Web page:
Our political culture is administered. Insofar as it encourages idiocy, rather than cultivate independence, it is an imperial and not a republican culture.
The imperial strain in American political thought, from the Founding Fathers to today, has always been fond of comparing America with classical Greece and Rome. According to these comparisons, America is continuing the experiment with democracy that first the Greeks and then the Romans undertook. It is in this respect that Jefferson spoke of an Empire of Liberty or Benjamin Franklin spoke of the American republic as a logical and historical continuation of the British Empire. Such comparisons are dangerous to make, however, not just because we know the final outcome of Roman History –i.e., the republic gave way to empire and the empire led to the decline and fall of Roman civilization; these comparisons are dangerous to make because they can also highlight the causes of that decline.
Consider, in this regard, that the word idiot comes from the ancient Greeks, a people who valued above everything else their public life in the polis. Consequently, for them, an idiot was someone who would dedicate himself to private preoccupations rather than concern himself with the public affairs of the polis.
This “dropping out” of public life in order to attend to one’s private concerns is a symptom of the imperial idiocy that has taken hold of our political culture and threatens to undermine American democracy. Indeed, on the eve of the Presidential Election, we see in televised Presidential Debates that our political culture has become a spectacle and a farce. The candidates do not debate ideas and policies; they merely repeat scripted lines, like actors in a theater (of dunces). There is little if any concern for truth. The media treat this glaring absence of truth with decided cynicism: I am thinking of the Washington Post, where there is a column written daily in which the paper’s editors study statements made by either President Obama or Mitt Romney, and assign to these statements a certain number of “Pinocchios”: Five for outlandish lies, one for half-truths. To treat these misrepresentations of truth as something that is “cute”, only serves to remind us of the idiocy that reigns over and governs public discourse in America today. It is characteristic of the collusion of intellectuals with the administering powers, and it is symptomatic of their humiliation and reduced power to effect change in public life.
The decline of the public intellectual is, of course, not in itself a newsworthy item. From Julien Benda’s to Russel Jacoby, intellectuals have been decrying the increasingly circumscribed role that intellectuals play in our public life, not only here in America, but throughout the modern world, where the forces of globalization have managed to make a mockery of democracy in every inhabited continent of the globe. Such critiques, whether implicitly or explicitly, point to a utopian notion of the intellectual’s role in governing public life. We could go as far back as Plato’s Republic for an example of this utopian concept of the intellectual as a “Philospher-King”. But insofar as our democracy is a modern democracy, the more appropriate example is Francis Bacon’s New Atlantis.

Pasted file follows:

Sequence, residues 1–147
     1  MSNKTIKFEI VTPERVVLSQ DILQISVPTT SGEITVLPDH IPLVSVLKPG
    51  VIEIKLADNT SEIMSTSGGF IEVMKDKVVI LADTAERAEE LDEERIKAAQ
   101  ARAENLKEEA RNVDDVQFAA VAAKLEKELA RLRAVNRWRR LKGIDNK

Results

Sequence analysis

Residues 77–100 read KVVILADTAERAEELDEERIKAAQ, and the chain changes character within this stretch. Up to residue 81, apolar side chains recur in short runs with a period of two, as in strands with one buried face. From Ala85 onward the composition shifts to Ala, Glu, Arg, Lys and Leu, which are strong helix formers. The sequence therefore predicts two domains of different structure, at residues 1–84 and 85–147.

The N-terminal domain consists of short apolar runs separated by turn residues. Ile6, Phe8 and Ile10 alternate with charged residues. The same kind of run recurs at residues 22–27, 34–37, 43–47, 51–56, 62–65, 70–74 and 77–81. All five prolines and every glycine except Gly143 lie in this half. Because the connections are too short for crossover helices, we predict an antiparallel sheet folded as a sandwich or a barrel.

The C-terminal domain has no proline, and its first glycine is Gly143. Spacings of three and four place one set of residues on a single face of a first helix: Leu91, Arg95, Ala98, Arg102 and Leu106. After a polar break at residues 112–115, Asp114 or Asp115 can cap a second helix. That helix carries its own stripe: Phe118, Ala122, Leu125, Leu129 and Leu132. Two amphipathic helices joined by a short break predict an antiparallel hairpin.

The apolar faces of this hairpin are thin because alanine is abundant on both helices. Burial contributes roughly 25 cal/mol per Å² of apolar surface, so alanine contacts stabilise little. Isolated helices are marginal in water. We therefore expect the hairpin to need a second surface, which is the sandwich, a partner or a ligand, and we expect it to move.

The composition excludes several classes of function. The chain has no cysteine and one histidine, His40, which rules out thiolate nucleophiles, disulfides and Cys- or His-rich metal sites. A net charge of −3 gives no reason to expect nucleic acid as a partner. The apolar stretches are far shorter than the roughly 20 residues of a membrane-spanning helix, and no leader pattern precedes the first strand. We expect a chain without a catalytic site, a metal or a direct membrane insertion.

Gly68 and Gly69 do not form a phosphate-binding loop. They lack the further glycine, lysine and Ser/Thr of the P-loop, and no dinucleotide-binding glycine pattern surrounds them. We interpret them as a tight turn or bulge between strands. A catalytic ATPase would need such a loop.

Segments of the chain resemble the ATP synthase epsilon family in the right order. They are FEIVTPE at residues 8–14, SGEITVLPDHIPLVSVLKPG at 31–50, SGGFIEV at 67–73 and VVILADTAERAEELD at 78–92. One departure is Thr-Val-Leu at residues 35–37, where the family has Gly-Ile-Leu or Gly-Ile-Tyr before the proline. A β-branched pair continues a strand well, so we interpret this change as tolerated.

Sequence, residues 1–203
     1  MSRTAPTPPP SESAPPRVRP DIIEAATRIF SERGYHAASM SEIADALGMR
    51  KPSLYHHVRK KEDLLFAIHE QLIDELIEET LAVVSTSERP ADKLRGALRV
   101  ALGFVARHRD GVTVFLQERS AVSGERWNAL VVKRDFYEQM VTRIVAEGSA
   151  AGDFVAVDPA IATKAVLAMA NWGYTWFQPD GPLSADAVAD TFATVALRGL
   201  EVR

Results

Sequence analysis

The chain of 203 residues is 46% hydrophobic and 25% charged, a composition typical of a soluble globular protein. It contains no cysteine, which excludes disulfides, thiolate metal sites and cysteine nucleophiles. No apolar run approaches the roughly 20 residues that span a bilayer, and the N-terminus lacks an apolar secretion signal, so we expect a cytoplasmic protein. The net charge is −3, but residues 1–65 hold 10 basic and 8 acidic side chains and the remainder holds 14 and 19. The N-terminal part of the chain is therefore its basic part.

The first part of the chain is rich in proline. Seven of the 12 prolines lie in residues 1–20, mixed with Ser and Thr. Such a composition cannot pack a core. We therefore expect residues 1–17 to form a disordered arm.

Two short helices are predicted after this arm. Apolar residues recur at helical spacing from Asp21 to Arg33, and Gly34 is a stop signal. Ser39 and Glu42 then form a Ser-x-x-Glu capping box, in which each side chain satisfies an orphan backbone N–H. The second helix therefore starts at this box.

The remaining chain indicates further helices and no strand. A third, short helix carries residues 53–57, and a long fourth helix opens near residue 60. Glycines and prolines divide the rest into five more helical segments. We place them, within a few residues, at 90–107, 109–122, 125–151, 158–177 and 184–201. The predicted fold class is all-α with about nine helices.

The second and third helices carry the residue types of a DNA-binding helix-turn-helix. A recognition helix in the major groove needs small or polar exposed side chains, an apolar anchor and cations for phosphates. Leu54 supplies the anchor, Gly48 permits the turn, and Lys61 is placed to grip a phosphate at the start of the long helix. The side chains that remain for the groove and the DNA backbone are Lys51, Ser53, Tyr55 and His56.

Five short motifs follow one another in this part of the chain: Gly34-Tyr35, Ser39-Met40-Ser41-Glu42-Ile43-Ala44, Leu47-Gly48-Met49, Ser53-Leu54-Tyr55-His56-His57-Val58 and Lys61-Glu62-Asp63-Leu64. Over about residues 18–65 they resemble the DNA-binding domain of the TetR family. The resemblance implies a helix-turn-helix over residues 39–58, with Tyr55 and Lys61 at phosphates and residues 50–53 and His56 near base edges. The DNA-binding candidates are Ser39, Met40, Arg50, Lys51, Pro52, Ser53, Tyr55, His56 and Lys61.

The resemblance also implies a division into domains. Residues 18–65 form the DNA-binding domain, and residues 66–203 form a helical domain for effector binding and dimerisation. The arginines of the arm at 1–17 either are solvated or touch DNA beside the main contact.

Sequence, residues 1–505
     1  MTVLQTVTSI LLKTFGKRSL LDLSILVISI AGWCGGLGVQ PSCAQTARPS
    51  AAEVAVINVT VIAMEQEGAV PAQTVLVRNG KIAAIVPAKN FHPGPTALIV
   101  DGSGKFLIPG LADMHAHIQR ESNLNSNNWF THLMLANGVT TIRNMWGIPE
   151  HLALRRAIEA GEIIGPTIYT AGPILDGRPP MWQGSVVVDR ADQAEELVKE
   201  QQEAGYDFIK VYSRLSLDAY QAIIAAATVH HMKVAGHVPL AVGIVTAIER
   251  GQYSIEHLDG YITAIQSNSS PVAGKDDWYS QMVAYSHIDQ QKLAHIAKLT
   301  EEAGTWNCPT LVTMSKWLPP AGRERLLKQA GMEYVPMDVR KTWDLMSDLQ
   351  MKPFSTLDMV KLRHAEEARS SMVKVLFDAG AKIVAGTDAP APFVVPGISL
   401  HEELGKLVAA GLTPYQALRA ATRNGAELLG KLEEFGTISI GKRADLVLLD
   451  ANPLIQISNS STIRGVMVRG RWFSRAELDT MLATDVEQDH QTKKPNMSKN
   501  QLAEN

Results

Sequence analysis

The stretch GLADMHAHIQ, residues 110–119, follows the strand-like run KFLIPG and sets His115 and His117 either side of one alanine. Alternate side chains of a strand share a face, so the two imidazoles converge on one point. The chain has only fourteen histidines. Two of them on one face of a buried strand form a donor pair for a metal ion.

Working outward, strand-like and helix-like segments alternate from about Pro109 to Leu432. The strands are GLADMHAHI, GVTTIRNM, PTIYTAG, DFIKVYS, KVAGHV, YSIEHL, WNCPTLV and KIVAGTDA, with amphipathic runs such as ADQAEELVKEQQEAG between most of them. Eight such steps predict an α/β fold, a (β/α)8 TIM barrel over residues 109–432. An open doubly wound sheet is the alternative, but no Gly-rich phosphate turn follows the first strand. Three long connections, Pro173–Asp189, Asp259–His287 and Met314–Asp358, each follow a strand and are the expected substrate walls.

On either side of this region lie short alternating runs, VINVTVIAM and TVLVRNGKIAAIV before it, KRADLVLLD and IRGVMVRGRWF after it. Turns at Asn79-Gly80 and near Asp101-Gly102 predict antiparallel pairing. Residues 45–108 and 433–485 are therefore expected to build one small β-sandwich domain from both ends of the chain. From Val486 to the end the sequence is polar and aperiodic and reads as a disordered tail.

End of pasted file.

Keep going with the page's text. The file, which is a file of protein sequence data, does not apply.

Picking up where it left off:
In this text of 1624, Bacon formulated an enlightened ideal of a utopian society governed by the so-called Fathers, or intellectuals, of a university named The House of Salomon. In Bacon’s utopia, men participate in an expansive culture where human consciousness is completely articulate with the natural world and where this knowledge of the natural world serves as the basis of man’s sovereignty over his historical world. What is more, this is a society in which the intellectuals are trusted to never abuse the power of their knowledge and in which it is assumed that they will use it to the benefit of all mankind: it is, in short, a society that recognizes the moral integrity of its intellectuals. Finally, this is a society in which art (and techne in the broadest sense of the word) expresses these same enlightened ideals and the harmonious balance between human consciousness and nature in which they are founded.
Comparing our political culture to this enlightened ideal is enlightening. Today, intellectuals, from those who work in universities to those who work in the government or in the media, find themselves in a situation that is decadent. Under the current regime of administered culture, our knowledge has become disarticulated from the world and life; our moral conscience has been institutionally neutralized, and our art –our interpretations of reality—have dissolved into that endless stream of discourses on discourses that this administered culture calls “consensus”: the Washington Consensus: the consensus of dunces: of Imperial Idiots.
Agreed! What is the intervention that cracks the consensus? Comparing ourselves to an ideal, I agree, suggests both a self-critique and routes of action, but what forces or encourages this comparison? Me, I always turn to Marx:ReplyDelete
"Hence, our motto must be: reform of consciousness not through dogmas, but by analyzing the mystical consciousness that is unintelligible to itself, whether it manifests itself in a religious or a political form. It will then become evident that the world has long dreamed of possessing something of which it has only to be conscious in order to possess it in reality. It will become evident that it is not a question of drawing a great mental dividing line between past and future, but of realizing the thoughts of the past. Lastly, it will become evident that mankind is not beginning a new work, but is consciously carrying into effect its old work."